Government policy and banking instability: "overbanking" in the 1920s
Excess capacity, or “overbanking,” was cited by contemporaries as leading cause of bank failure during the 1920s. Many states that had high numbers of banks per capita in 1920 had high bank failure rates subsequently. This article finds that the number of banks per capita was highest in states that provided deposit insurance, set low minimum capital requirements, and restricted branching. Banks per capita declined the most over the 1920s in states where branching expanded, and in those suffering high failure rates because of falling incomes or instability caused by deposit insurance. Deposit insurance and the relative dominance of agriculture also explain the composition of state banking systems between state and federally chartered institutions.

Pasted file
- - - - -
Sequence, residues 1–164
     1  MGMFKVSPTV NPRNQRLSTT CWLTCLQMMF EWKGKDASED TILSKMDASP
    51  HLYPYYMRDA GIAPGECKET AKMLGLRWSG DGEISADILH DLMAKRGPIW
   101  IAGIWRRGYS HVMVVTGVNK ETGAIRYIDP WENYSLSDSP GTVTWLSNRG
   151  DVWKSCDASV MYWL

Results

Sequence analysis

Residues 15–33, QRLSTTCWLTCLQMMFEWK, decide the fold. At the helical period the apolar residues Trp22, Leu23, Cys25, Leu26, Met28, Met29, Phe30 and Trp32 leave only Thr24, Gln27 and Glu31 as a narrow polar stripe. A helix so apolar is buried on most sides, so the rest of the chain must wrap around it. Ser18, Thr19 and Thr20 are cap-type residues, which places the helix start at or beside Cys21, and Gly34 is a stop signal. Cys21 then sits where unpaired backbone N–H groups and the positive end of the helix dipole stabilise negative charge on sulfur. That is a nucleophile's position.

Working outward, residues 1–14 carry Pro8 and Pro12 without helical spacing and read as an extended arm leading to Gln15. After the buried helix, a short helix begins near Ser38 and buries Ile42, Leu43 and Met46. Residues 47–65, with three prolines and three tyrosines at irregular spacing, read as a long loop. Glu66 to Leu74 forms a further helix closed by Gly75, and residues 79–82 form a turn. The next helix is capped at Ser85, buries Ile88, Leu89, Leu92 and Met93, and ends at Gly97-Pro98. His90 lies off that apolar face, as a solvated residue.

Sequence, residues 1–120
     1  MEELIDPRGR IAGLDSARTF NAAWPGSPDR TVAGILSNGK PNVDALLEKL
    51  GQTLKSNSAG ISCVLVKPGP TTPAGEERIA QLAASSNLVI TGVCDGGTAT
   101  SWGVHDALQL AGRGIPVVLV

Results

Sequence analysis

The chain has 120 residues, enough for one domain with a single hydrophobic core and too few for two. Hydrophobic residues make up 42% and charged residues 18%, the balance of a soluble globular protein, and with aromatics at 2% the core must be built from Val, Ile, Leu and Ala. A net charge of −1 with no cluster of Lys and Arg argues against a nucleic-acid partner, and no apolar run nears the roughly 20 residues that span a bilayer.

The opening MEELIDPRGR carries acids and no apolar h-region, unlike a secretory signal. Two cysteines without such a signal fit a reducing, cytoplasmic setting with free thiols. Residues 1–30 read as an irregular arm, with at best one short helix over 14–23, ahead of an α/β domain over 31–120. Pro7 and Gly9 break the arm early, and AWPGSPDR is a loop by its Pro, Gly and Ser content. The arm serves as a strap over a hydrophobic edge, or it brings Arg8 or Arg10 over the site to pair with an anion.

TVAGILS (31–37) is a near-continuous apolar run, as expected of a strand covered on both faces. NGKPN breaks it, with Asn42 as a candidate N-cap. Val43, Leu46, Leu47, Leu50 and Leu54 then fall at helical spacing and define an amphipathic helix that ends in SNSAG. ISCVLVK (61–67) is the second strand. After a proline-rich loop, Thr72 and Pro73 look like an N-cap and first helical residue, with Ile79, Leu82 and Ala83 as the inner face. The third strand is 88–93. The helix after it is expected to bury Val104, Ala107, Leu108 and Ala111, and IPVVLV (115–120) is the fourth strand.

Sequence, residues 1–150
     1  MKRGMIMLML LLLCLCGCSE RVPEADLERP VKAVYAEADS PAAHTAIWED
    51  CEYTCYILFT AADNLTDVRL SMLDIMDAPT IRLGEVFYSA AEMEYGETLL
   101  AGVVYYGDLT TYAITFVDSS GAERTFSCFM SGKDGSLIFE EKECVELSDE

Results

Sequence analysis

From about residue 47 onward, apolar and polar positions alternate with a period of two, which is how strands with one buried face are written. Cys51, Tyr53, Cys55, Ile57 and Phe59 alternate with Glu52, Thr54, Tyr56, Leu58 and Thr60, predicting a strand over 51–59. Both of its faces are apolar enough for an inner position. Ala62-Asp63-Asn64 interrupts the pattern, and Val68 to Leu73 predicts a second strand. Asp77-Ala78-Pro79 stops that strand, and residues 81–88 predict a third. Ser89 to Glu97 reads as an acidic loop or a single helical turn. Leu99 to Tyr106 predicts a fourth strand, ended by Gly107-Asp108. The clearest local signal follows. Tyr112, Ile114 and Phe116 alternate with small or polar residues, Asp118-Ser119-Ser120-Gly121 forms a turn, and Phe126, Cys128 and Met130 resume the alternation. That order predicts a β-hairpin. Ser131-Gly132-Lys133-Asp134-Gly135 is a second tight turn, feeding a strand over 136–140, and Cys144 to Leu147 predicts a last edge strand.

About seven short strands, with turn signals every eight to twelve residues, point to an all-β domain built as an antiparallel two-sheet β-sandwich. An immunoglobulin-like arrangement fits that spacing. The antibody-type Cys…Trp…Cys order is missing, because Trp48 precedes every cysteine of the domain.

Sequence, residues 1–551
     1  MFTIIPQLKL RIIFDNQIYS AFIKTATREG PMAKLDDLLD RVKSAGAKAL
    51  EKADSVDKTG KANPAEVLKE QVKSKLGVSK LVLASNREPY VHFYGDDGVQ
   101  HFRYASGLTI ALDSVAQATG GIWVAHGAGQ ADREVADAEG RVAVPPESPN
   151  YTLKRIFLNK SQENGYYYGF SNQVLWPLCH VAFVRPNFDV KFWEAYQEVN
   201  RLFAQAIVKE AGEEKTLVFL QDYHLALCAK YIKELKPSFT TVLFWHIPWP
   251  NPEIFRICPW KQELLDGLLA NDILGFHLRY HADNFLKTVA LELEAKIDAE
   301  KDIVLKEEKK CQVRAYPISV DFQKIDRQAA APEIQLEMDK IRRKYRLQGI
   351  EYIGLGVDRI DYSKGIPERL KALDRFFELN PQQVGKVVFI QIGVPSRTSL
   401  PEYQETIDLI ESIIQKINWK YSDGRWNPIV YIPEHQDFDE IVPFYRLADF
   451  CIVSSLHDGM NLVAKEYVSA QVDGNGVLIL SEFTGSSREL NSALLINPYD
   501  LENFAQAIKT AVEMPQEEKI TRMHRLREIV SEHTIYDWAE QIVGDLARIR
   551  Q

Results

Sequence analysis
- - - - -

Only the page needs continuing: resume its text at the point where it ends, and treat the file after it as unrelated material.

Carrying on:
|Date of creation:||1992|
|Date of revision:|
|Publication status:||Published in Journal of Economic History, v. 53, no. 4, pp. pp. 857-879 (December 1993) Title:"Government Policy and Banking Market Structure in the 1920s"|
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